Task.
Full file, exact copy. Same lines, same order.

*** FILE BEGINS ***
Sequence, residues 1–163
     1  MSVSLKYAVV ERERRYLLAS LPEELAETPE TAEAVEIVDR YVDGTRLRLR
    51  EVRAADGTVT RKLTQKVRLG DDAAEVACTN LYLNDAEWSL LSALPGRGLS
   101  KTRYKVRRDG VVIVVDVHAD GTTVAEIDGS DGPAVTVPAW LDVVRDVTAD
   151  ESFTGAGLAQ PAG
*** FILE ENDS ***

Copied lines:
Sequence, residues 1–163
     1  MSVSLKYAVV ERERRYLLAS LPEELAETPE TAEAVEIVDR YVDGTRLRLR
    51  EVRAADGTVT RKLTQKVRLG DDAAEVACTN LYLNDAEWSL LSALPGRGLS
   101  KTRYKVRRDG VVIVVDVHAD GTTVAEIDGS DGPAVTVPAW LDVVRDVTAD
   151  ESFTGAGLAQ PAG